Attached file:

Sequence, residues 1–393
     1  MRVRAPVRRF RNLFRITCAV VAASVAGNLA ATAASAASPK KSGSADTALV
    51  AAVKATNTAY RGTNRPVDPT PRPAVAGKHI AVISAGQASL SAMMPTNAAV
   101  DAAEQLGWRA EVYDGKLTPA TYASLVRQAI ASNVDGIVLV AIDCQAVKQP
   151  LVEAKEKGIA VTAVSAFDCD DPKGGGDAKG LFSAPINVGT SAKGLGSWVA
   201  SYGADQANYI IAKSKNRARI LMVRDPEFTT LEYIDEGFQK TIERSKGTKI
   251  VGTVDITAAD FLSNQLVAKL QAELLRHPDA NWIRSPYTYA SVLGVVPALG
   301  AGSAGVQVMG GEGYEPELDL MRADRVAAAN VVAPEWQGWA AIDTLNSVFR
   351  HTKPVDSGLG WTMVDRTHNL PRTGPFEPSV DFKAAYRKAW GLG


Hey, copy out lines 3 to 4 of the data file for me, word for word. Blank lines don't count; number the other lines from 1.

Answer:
    51  AAVKATNTAY RGTNRPVDPT PRPAVAGKHI AVISAGQASL SAMMPTNAAV
   101  DAAEQLGWRA EVYDGKLTPA TYASLVRQAI ASNVDGIVLV AIDCQAVKQP